What Is Littermate Syndrome & What You Can Do to Help

You’ve probably heard the phrase, “Good things come in pairs,” but when it comes to raising two pups at once, the saying “double trouble” might be more fitting. Littermate syndrome is a condition that can develop when two puppies are raised together. If you’re considering embarking on the pet parent journey with two new pups, it’s essential to be aware of this condition, the causes, how to prevent it, and how to treat it if you think your pups might already have it.

What is Littermate Syndrome?

Littermate syndrome is a behavior condition that can arise when two dogs, either from the same litter or around the same age, bond too closely with one another. A close bond might not sound like a bad thing, but it’s not the bond that’s the problem; it’s the behaviors that arise as a result of this bond.

Littermate syndrome inhibits a dog’s ability to create social bonds with other dogs or humans. And because of their dependence on their companion, they might experience fear or anxiety when separated or left alone, leading to destructive behaviors. Littermate syndrome can also result in training difficulties, and some dogs might become aggressive toward other people or animals.

It’s important to note that while there is no scientific evidence proving the existence of littermate syndrome, it is still a commonly reported condition that pet parents encounter after bringing two pups into their home, thinking they would have two perfect companions, but the opposite became true.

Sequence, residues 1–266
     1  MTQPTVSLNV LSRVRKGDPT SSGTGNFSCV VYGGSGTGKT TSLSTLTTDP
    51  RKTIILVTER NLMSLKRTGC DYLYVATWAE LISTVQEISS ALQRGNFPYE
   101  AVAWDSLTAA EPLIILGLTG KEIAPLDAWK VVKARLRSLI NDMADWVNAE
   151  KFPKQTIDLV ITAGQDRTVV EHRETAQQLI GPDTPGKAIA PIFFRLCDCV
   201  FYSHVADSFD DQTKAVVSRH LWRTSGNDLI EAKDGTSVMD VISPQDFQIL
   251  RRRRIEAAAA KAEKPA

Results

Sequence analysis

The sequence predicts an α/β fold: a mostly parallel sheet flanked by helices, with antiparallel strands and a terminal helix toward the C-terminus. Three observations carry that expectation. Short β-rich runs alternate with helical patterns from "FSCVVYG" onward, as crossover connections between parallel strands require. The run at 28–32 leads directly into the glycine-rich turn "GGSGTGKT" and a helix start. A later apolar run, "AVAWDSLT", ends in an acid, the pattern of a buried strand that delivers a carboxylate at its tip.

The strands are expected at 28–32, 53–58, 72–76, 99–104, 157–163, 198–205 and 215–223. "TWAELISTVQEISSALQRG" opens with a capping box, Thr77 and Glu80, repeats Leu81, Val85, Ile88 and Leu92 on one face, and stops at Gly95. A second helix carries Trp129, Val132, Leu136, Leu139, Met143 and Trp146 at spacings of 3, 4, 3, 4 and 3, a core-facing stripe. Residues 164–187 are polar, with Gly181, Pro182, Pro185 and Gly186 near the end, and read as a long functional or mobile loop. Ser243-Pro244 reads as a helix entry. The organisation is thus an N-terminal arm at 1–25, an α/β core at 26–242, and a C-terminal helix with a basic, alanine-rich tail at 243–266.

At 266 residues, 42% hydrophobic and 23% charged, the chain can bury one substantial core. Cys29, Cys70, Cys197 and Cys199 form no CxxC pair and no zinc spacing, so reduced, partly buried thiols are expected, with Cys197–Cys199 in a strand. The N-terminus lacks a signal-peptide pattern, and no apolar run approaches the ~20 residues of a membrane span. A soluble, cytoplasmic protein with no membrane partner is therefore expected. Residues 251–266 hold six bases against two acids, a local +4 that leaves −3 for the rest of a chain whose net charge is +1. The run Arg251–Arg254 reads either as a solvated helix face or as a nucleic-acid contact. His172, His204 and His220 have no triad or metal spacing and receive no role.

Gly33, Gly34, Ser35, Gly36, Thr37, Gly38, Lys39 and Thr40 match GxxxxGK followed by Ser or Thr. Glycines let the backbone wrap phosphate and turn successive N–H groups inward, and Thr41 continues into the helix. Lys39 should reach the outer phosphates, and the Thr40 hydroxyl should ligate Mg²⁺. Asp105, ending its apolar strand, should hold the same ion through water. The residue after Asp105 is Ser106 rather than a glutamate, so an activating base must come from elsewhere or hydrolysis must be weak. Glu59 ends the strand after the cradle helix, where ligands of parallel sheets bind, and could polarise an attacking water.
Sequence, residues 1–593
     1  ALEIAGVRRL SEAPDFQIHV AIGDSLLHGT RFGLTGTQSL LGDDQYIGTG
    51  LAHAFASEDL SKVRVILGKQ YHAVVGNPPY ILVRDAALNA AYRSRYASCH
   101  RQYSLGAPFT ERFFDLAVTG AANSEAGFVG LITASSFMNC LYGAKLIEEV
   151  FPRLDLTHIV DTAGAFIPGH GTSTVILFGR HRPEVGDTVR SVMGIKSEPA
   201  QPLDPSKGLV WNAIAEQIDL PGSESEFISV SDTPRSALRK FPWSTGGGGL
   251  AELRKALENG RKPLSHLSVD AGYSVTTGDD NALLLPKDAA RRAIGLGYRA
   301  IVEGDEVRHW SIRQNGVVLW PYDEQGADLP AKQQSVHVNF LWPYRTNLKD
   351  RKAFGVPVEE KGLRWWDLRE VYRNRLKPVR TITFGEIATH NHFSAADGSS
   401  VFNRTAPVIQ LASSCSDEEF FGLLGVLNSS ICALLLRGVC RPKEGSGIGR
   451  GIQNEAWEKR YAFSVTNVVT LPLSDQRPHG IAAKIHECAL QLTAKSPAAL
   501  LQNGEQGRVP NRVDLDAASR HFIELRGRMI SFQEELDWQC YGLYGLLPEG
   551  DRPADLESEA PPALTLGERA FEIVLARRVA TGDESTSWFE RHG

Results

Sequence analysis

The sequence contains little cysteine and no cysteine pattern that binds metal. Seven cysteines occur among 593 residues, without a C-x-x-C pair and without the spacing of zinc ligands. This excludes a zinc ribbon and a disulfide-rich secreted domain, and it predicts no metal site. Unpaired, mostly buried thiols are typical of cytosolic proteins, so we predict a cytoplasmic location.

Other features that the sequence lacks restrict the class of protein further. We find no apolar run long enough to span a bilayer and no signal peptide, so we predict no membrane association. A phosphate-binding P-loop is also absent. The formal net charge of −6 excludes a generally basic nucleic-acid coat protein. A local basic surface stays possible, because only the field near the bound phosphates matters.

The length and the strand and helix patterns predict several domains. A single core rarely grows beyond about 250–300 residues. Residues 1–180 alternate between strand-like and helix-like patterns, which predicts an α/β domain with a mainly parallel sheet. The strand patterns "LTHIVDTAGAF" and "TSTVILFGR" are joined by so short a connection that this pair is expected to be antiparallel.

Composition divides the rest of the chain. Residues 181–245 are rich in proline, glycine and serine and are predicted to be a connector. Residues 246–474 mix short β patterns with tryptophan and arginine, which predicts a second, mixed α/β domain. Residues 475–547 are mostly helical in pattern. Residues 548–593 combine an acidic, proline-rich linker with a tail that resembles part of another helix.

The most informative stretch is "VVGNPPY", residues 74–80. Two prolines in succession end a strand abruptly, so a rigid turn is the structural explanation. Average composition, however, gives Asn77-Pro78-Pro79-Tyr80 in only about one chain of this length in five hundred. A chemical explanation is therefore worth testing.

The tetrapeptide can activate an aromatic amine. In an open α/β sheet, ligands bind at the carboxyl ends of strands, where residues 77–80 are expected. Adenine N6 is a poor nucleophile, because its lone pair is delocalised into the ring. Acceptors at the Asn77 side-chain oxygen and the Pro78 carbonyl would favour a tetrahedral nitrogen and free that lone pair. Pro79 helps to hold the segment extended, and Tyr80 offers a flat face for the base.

What Causes Littermate Syndrome?

The exact causes of littermate syndrome are unknown. Still, anecdotal evidence seems to point to the critical cause as two dogs – typically from the same litter, but they can also just be close in age – become too close and dependent on each other. Another common reason this condition develops is that the dogs were not properly socialized and did not get proper socialization with other dogs and humans.

Because littermate syndrome has not been proven by science, it cannot be said to be genetic. However, there is evidence that behavioral patterns and tendencies can be passed down through genetics. So, if you know that a dog in your pup’s family has littermate syndrome, you might be able to expect similar behaviors in your dogs and take steps to prevent it.

How to Prevent Littermate Syndrome

Do not bring home siblings.

The easiest way to prevent littermate syndrome is to avoid bringing two puppies into the home at once or getting two puppies from different litters. While littermate syndrome can still develop in dogs around the same age, it is less likely if they’re from separate litters.

But if you’re already set on your perfect duo, then we’ve got some tips you can follow to help them develop their bond, and their social skills, in a healthy way.

Properly socialize your puppies.

The best way to prevent littermate syndrome is to give your dogs proper, individual socialization. Puppies have a critical socialization period around 4-16 weeks old. At this time, it is important to expose your dogs to as many external stimuli as possible. The goal of socialization is to help your dog learn how to interact with different places, people, and animals. This way, they know they don’t have to be afraid of new or unfamiliar experiences.